Real Estate

Subprime loans defaulting even before resets

It turns out that massive interest rate spikes aren't the problem -- many borrowers couldn't afford these mortgages even at the low, introductory interest rates.

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By Les Christie, staff writer

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Even after government relief, some homeowners still fear being squeezed out of their homes.
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NEW YORK ( -- For months, we've fretted about the Armageddon that will hit when subprime adjustable rate mortgages start resetting to much higher interest rates.

What's happening is even worse: Many of these loans are defaulting well before their rates increase.

Defaults for subprime loans issued in 2007 - none of which have reset yet - hit 11.2 percent in November. That represents perhaps 300,000 households, and is twice the default rate that 2006 loans had 10 months after being issued, according to Friedman, Billings Ramsey analyst Michael Youngblood.

Defaults are spiking well before resets come into play thanks to the lax lending environment of the past few years. Many borrowers were approved for mortgages that they had little chance of affording, even at the low-interest teaser rates .

"I was rather shocked by the characteristics of the 2007 loans," said Youngblood.

Hybrid ARMs start with very affordable fixed-rate terms of two or three years. After that, rates can jump three percentage points or more, and then re-adjust even higher every six months to a year. On a $200,000 mortgage, a reset could add nearly $400 to the monthly mortgage payment.

Originally, concerns about these loans focused on the fact that that most homeowners wouldn't survive such pricey resets. In late 2006, the Center for Responsible Lending (CRL), predicted that 2.2 million subprime ARM borrowers would lose their homes in the following two years due to reset shock.

But these mortgages were doomed from the start.

For instance, in both 2006 and 2007, well over 40 percent of subprime borrowers were awarded mortgages with either little or no documentation of their ability to pay. With these so-called "liar loans," borrowers did not have to show proof of either earnings or assets.

And even when borrowers did go on the record about their earning power, it didn't bode well. Both 2006 and 2007 saw a large proportion of loans with high debt-to-income ratios (DTI), which indicates the percentage of gross income required to pay debt. In 2007 subprime originations, the DTI hit 42.1 percent, up from 41.1 percent in 2006. Borrowers were simply taking on more debt that they could afford.

What's more, many borrowers started out with low- or no-down payment loans, which left them with almost no equity in their home.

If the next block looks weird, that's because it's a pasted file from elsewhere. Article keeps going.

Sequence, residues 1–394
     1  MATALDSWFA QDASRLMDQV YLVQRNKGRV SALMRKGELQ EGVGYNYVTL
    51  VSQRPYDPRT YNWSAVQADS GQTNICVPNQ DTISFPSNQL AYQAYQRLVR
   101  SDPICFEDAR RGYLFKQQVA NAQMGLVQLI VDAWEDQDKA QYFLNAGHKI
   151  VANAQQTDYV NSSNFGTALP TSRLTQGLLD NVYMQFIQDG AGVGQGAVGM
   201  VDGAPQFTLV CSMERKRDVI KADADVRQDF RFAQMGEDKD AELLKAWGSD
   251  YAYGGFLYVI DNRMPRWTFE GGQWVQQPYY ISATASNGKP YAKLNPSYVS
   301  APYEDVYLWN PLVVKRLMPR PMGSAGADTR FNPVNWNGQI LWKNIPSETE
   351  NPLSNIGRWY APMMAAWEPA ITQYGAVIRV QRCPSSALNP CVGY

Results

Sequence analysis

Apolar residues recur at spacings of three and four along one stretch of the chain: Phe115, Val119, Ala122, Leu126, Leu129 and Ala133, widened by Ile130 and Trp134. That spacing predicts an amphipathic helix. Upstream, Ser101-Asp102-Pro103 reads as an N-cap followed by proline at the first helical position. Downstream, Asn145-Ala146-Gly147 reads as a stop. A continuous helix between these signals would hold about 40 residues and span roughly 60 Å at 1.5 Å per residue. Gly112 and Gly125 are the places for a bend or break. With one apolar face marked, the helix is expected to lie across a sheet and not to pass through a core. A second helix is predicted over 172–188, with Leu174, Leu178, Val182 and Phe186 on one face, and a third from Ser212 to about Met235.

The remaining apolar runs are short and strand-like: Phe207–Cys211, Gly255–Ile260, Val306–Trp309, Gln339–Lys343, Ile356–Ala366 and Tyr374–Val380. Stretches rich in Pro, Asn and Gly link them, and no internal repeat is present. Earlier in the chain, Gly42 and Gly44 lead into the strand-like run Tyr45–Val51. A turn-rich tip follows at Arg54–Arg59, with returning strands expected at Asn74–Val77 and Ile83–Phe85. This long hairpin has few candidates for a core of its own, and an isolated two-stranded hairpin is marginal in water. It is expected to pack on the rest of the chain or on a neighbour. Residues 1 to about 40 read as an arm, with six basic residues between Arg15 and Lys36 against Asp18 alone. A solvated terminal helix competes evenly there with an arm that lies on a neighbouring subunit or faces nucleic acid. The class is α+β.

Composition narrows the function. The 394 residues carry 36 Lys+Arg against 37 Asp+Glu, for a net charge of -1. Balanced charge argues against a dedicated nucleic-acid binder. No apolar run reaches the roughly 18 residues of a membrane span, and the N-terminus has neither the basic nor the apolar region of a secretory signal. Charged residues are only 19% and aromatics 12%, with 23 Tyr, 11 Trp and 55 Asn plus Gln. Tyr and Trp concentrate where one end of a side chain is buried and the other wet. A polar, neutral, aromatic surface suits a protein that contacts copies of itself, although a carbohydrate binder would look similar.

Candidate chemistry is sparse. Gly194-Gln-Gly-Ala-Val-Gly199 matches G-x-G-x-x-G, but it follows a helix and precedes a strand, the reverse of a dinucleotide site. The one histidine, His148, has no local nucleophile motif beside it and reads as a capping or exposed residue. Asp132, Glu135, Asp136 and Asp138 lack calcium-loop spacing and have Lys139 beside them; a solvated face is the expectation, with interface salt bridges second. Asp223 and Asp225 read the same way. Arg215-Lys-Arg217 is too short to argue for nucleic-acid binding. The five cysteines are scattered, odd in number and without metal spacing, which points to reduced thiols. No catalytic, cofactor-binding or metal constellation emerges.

During the boom, rapid price appreciation meant borrowers built up home equity quickly. That minimized defaults, since owners could draw from that equity to pay their bills - including their mortgages - through home equity loans.

But prices fell starting in 2006,leaving borrowers with less home equity to draw upon when they run into financial problems.

Median home prices fell 5.8 percent nationally, and by double digits in many areas. That, along with the deterioration in underwriting, changed the default math.

Owners with mortgages worth more than their homes simply began walking away from their homes when costs become unmanageable.

Lenders were slow to react

By late 2006, lenders knew that the housing market was heading south. Foreclosure filings took off during the third quarter that year, up 43 percent from 12 months earlier, according to RealtyTrac, the online marketer of foreclosure properties. And home prices began to drop.

But instead of cutting back on risky loans, lenders kept lending. Why?

"Because investors continued to buy the loans," said Doug Duncan, chief economist of the Mortgage Bankers Association.

Despite their quality, subprime mortgages were as profitable as any other for lenders like Countrywide (CFC, Fortune 500) and Wells Fargo (WFC, Fortune 500), who were able to quickly securitize the loans and sell them in the secondary market. The loans sold easily because they carried the promise of high yields.

"As long as you could sell the loan, you made the deal," Duncan said.

Lenders needed the fees that these loans generated because their finances were weakening. Their cost of borrowing money was rising, while competitive pressures were keeping mortgage interest rates low.

"By 2006 many lenders were running into red ink," said Youngblood.

So, they revved up lending to increase short-term profits. And, to outside analysts, there appeared to be nothing wrong with loan quality.

"There were very few overt changes in industry underwriting guidelines," said Youngblood. What did change, he said, was that lenders made more exceptions to their standard practices, approving people with poor work histories or insufficient proof of income.

"These exceptions generally amounted to no more than 5 percent [of subprime loans] before 2006," said Youngblood, "but they represented the majority of these loans issued in 2006 and 2007."

The reason for that shift: Lenders depended on independent mortgage brokers for much of their business, and brokers pushed them to approve subprime loans because they delivered big profits for the brokers.

"Lenders felt they had to take the loans to preserve their access [to the rest of the loan pool]," he said. They accepted some risky subprime loans so that the brokers would also send them safer prime and Alt-A loans.

Of course that's a bet that went bad. And it's likely to get worse as resets for ARMs issued in 2006 and 2007 kick in this year.  To top of page

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